NEW ORLEANS – The U.S. Court of Appeals for the Fifth Circuit has revered a district court’s ruling against enforcing arbitration in a worker’s injury claim.
John Lizalde, a meat cutter with Vista Quality Markets, sued his employer for negligence and claimed discrimination and retaliation under the Employee Retirement Income Security Act (ERISA) after he was allegedly involved in an on-the-job slip and fall accident.
Lizalde, upon beginning employment with Vista, signed a document complying with the terms of Vista’s arbitration agreement and employment injury benefit plan.
According to the arbitration agreement, Vista and its employees must submit all on-the-job injury claims to an arbiter to assess the case. Vista can only cancel this arbitration agreement when dealing with claims that have been filed 10 days after notice is delivered to an employee. Vista can cancel the plan, which is part of the arbitration agreement, at its own discretion.
Lizalde argued in district court that the arbitration agreement he signed was not legally binding.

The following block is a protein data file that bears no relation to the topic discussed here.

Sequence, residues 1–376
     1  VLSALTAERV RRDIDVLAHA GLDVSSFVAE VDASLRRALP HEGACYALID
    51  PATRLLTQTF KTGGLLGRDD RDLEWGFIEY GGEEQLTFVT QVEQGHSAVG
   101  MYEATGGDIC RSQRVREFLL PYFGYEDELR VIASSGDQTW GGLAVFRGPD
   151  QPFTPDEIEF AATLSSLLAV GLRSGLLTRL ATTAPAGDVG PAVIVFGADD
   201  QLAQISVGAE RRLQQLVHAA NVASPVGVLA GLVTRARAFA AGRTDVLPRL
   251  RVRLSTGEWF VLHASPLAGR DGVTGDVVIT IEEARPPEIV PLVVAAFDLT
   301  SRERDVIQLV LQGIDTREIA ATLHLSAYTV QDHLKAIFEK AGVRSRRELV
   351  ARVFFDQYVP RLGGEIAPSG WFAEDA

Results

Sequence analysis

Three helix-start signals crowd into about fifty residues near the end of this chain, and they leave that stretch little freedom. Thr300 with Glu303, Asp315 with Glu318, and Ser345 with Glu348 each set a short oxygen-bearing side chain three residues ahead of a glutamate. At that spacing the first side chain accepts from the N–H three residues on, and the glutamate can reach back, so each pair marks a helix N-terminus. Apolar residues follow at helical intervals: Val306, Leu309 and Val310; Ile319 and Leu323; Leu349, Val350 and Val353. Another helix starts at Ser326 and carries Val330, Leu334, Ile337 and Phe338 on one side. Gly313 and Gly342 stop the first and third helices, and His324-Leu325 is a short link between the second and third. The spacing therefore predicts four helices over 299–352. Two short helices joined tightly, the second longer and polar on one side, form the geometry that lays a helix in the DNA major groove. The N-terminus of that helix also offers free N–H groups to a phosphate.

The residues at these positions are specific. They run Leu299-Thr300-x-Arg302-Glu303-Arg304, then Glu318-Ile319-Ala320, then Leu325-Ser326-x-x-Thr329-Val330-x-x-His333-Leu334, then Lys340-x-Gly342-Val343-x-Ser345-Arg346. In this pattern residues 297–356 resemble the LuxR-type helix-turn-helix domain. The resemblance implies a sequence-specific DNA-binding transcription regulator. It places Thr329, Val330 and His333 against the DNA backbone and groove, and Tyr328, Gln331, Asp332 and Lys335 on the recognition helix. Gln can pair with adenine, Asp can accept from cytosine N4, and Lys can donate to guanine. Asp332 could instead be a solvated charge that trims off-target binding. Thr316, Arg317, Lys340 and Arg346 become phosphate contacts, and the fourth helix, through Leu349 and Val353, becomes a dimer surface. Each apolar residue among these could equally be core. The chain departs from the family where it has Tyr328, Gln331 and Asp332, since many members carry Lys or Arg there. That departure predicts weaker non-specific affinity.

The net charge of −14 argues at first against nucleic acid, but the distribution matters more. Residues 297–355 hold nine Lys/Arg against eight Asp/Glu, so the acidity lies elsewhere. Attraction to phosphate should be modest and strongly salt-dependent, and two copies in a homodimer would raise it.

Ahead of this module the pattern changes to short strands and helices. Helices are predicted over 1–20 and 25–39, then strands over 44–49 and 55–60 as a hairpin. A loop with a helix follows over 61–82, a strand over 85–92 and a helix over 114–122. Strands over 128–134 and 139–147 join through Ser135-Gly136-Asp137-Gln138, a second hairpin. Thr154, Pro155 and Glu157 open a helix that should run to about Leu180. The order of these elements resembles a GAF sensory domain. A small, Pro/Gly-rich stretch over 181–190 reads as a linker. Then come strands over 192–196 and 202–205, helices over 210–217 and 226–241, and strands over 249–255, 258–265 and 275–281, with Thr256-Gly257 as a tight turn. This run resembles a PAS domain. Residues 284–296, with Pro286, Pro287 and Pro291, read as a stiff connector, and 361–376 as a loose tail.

The district court agreed with Lizalde, reading the arbitration agreement and benefit plan as a single contract and therefore stating that the unconstrained cancellation provision in the benefit plan also applied to the stand-alone arbitration agreement. The court held that the power to cancel in an unconstrained manner renders the arbitration agreement unenforceable according to Texas law.
The appeals court sided with Vista, holding that even if the two provisions were read as a single contract, the contract’s language clearly defines the arbitration agreement as having its own cancellation provision separate from that of the benefit plan.
The Fifth Circuit held that the arbitration agreement’s termination provision is not unenforceable because it provides advance notice to the employee and does not apply to claims made prior to termination. The case was returned to the district court for the entry of an order compelling arbitration.
Case No. 13-50015.